• Should I auto-renew? YES. You do NOT want your domain to expire. Someone can buy it the instant it does. Don’t mess around with this. Put a reminder on your calendar and buy the domain for multiple years at a time if you can afford it.
  • Can I have my own email @mydomain? YES.
  • Managed Software Solutions: A managed solution is something like Square Space, Wordpress.com, Shopify, etc. Each of these services charges you a flat monthly rate (or, nothing, depending) and provides you with software and the basics to run that software on the web. In general these options are the simplest, fastest, and least labor-intensive ways to get a site up and running. I recommend Wordpress.com or Tumblr if you need a simple solution.
  • Managed Hosting: This option is similar to the first, but you are responsible for managing the software. So, they manage the database, the server, etc., but you do the rest. Often cheaper (even a few dollars a month), this option requires significantly more understanding of technology and time on your part.  Note too that this option is often a shared hosting resource (vs. dedicated below) and as a result, you may not get the most blazing fast, incredibly powerful website, ever. Services like Blue Host and Fat Cow are good places to begin your search (or they were 5 years ago).
  • Dedicated Hosting: This option is basically the “on your own” model. You might still be able to get some management from the company if you want to pay for it. Most beginners don’t need this level of service. There are pros in this arena, mainly related to the performance of the server, but the costs of renting one can be prohibitive, and again, if you don’t know what you’re doing, this is going to be a very confusing path indeed.

Next, consider your budget. Are you looking to spend a couple hundred dollars a year? More? Less?

As I discussed with my friend, e-commerce can rapidly raise the cost of what you’re trying to do. If you just need a basic blog, Wordpress.com provides you with a blog and domain for about $20 a year. If you want to bring in your own domain from someplace else, it will run you about $40 a year . That’s all. That falls nicely into the Managed Software Solution I mentioned above and it’s pretty cheap.

On the other hand, if you want to have a store front on your site, going with something like Square Space ($20 a month if you pay up front) as a managed solution is one option, versus getting a managed hosting site, installing a content manager (e.g. Wordpress again) and then setting up e-commerce that ay. Again, in this option, you will be paying less than $20 a month, but you will be on the hook to make sure that you don’t have any security vulnerabilities, etc.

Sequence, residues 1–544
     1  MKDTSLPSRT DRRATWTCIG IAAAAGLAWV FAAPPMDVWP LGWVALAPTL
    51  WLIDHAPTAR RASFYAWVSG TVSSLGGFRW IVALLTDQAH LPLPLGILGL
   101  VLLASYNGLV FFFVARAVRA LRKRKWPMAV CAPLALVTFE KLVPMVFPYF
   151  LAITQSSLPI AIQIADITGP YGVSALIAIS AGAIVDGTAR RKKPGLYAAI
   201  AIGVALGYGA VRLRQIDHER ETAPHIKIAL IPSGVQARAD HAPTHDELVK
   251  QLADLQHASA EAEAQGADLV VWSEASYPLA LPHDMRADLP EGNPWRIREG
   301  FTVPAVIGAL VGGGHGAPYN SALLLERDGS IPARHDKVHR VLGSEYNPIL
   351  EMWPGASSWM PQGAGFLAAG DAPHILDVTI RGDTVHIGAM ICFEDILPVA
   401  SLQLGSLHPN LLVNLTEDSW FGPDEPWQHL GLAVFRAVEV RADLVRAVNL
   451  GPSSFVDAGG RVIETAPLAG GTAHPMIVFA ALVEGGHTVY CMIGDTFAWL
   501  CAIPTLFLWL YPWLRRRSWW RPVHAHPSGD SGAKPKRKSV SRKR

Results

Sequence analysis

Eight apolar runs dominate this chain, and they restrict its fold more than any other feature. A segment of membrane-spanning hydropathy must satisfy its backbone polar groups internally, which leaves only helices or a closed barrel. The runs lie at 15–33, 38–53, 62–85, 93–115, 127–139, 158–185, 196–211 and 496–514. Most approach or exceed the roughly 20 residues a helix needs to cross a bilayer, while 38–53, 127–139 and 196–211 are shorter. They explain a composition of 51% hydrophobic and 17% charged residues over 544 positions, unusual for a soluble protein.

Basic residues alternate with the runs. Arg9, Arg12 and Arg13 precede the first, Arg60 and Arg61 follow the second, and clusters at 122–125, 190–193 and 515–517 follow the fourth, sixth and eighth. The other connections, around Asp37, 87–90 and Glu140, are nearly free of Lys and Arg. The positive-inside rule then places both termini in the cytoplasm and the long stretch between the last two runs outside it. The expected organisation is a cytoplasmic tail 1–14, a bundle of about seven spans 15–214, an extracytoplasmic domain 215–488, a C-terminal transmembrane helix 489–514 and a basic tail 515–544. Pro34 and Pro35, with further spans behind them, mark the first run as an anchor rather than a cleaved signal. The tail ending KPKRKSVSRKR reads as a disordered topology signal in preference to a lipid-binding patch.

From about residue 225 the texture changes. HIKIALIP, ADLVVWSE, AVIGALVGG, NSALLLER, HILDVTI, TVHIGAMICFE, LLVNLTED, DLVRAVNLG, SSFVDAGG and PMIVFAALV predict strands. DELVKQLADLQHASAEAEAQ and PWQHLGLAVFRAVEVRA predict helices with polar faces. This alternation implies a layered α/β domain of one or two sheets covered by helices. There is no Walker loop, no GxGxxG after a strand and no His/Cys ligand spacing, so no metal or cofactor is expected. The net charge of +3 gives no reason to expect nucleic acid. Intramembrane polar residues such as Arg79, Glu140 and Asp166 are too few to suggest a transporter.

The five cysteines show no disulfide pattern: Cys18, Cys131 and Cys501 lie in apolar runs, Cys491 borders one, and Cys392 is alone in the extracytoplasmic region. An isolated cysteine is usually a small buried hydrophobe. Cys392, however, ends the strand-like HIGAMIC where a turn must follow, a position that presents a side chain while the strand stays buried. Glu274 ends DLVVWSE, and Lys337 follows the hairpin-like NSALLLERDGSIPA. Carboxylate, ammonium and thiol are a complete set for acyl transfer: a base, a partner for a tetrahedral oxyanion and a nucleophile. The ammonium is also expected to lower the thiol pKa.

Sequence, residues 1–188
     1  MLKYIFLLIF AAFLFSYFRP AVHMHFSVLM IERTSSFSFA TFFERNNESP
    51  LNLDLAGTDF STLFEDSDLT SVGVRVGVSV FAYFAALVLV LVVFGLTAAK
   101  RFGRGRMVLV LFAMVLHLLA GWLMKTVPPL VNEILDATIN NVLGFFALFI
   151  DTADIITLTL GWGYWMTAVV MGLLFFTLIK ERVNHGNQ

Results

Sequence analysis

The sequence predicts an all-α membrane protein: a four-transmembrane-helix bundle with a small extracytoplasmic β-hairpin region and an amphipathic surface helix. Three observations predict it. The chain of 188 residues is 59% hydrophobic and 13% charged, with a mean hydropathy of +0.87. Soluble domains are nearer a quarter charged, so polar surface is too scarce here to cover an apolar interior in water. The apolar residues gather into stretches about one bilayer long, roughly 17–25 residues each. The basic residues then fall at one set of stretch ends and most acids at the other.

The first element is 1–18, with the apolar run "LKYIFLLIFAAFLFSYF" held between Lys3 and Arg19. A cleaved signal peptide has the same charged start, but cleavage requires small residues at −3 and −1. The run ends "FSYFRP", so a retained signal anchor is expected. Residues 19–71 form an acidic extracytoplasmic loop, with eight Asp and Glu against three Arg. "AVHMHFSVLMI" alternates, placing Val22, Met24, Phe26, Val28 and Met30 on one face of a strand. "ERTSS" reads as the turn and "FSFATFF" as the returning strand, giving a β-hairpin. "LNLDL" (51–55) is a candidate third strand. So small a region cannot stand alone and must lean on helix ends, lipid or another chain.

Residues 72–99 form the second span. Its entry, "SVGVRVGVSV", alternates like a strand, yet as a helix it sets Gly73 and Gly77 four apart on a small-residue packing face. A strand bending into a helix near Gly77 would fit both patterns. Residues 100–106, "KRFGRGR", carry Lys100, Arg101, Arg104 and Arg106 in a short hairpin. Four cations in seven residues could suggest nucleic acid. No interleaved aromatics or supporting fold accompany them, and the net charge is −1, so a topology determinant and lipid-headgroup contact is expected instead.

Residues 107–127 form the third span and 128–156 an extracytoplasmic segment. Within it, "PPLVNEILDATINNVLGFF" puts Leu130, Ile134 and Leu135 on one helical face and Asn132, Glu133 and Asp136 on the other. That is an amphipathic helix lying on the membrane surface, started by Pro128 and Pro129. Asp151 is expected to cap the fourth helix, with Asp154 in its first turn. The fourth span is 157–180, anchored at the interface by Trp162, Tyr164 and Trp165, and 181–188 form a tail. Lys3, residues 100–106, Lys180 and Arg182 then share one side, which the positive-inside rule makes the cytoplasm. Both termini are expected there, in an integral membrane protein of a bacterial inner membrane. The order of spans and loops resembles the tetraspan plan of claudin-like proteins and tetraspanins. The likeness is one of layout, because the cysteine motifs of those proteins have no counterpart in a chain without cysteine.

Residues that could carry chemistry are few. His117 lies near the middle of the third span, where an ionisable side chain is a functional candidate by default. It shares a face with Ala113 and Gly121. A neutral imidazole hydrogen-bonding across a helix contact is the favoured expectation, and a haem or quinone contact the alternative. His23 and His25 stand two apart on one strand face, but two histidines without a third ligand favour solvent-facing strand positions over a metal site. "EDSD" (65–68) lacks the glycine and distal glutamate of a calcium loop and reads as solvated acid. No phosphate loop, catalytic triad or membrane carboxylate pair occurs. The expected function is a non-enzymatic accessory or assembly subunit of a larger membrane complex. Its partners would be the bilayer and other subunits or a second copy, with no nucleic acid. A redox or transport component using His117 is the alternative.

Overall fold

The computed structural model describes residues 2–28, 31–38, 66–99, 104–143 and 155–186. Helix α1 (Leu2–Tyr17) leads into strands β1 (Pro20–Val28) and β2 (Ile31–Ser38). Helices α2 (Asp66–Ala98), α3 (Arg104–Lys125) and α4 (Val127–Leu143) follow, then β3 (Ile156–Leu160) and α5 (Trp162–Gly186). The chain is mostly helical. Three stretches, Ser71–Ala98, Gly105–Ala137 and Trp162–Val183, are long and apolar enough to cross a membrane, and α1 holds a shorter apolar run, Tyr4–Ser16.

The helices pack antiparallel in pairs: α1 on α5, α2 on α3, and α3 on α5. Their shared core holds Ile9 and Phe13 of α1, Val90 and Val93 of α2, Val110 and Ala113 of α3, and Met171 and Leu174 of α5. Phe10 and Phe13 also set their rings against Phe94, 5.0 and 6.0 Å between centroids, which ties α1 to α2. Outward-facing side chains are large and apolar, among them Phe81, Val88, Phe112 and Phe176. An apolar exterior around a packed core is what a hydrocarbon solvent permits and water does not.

Make sure to check back in a few days, or subscribe, for part 3 which will talk about a few items I think are must haves for the site.

If you missed the other parts in this series:

Part 3

It’s a Web Web World: Part 1

I spent some time in the last week giving advice to a friend on setting up her website in preparation for the release of her novel. I thought I’d blog a bit about some of the things she and I discussed, since they are general topics that would be applicable to other people in a similar situation. This post is the first of a three part series that will cover a range of topics related to improving web presence and setting up an easily maintainable / manageable site.  

If you don’t have some sort of web presence, I would highly recommend that you explore one. Social Media is absolutely critical to being found on the internet these days, however what social media site you use today may be quite different than the one you are using in ten years. Having even a basic website that people can find you from provides continuity in your web presence, allowing you to shift and change your social media preferences as you see fit.

The first thing you have to remember is that managing a website takes time and money. There are a wide variety of options that will have an impact on how much time and how much money, but they are both required commodities in this endeavor. As a general rule of thumb, the more of your time you are willing to put into the work surrounding the site, the less money it is going to cost you and vice-versa.

For example, if you go with a totally “managed” solution (meaning someone else does all the work for you) or you hire a web designer/developer, you won’t have to do very much work at all, mostly just manage the content. However, in this option, you will be paying a professional or a company (or hopefully both) to do most of the heavy lifting for you. That could be anywhere from $20 a month to thousands of dollars a year (depending on who, what, where, etc.).

On the other extreme end of the spectrum, you could be responsible for managing your web server, the database, all of the security patches, etc. You could take care of everything, including the content. In this scenario, you could easily spend less than $100 a year to maintain the site. However, you would be on the hook for everything that goes wrong and would spend time away from your other job/writing/activities managing the site.

Most likely, you’ll wind up somewhere in the middle.

Make sure to check back in a few days, or subscribe, for part 2 which will talk about some of the components you should consider for your site!

 

Part 2